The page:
Wednesday, February 14, 2007

Is the UK failing its children?

The Unicef report showing that the well being of children in the UK is worse than in most other industrial countries is rightly cause for concern. The people who go on about marriage as a solution to child poverty and lack of well being should perhaps note that the proportion of lone parents in Sweden is roughly the same as that in the UK, and yet Sweden was 2nd and the UK 21st out of 21.

One advantage of comparative studies is that they show what works well and what we could learn from - higher taxes and more support for families. Not that everyone is quite so interested in looking at the evidence before deciding who to blame for the UK failing its children, of course. Here, for example, is the most recommended comment on the BBC's 'Have Your Say' board:

"House prices, utility costs, transport costs and taxes by the bucketload mean that the responsible members of society cannot afford children. Meanwhile, the spongers, often (But not always) badly educated and poor role models find breeding is profitable, and the route to a better house. Add in PC madness, no discipline at home or school, and you get 'Lord of the Flies' as reality. Still, nothing that Tont can't solve by appointing a 'Childrens Tsar' and adding a few new taxes!"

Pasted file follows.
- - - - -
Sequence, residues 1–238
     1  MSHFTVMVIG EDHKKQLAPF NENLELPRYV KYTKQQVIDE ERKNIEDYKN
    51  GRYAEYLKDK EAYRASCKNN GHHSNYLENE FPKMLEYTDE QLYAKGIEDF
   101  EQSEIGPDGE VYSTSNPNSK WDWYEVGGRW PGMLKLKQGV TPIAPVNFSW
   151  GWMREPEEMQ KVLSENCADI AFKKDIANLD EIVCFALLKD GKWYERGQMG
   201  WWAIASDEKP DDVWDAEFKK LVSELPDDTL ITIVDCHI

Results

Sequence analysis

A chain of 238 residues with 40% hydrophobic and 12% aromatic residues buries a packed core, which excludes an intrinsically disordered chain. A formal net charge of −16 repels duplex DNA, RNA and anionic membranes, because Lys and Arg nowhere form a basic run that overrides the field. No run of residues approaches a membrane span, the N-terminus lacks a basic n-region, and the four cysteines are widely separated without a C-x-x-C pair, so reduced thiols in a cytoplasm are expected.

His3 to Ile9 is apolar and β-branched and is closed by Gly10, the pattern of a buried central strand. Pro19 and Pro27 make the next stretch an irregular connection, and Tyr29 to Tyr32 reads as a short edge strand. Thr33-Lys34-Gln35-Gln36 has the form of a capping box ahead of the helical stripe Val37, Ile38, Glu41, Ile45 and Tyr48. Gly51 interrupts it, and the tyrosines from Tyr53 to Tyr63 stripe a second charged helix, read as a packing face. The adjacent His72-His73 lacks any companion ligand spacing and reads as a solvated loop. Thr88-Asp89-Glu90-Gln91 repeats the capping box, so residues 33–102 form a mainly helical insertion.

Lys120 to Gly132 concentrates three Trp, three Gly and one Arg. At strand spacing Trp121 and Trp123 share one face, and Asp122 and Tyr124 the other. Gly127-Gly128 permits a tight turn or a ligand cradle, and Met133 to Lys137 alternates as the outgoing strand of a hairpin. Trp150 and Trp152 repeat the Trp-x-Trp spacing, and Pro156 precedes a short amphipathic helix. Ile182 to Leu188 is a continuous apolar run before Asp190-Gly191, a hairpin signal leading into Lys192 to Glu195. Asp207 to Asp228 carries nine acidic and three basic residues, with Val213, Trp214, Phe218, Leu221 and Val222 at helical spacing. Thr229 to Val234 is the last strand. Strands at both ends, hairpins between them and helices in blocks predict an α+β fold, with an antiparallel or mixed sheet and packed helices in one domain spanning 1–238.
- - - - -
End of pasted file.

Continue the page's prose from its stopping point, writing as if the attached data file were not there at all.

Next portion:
3 Comments:

At 9:20 pm , Anonymous Chris Baldwin said...

The 'Tont' sets it off to a tee, I thought.

 
At 12:46 pm , Anonymous Tom H said...

Well, the "Lord of the Flies" comparison has now been taken up by no less (and no more) a figure than Alan Duncan.

 
At 7:34 pm , Anonymous angus said...

The UNICEF evidence for the UK is six or seven years out of date. Of course there is a need to make people aware that poverty is still a major problem in the UK but this report is being used by the Tories to undermine confidence that Labour governments can do anything about it. Not good for winning support for tackling the problem.

 

Post a Comment

Subscribe to Post Comments [Atom]

Links to this post:

Create a Link

<< Home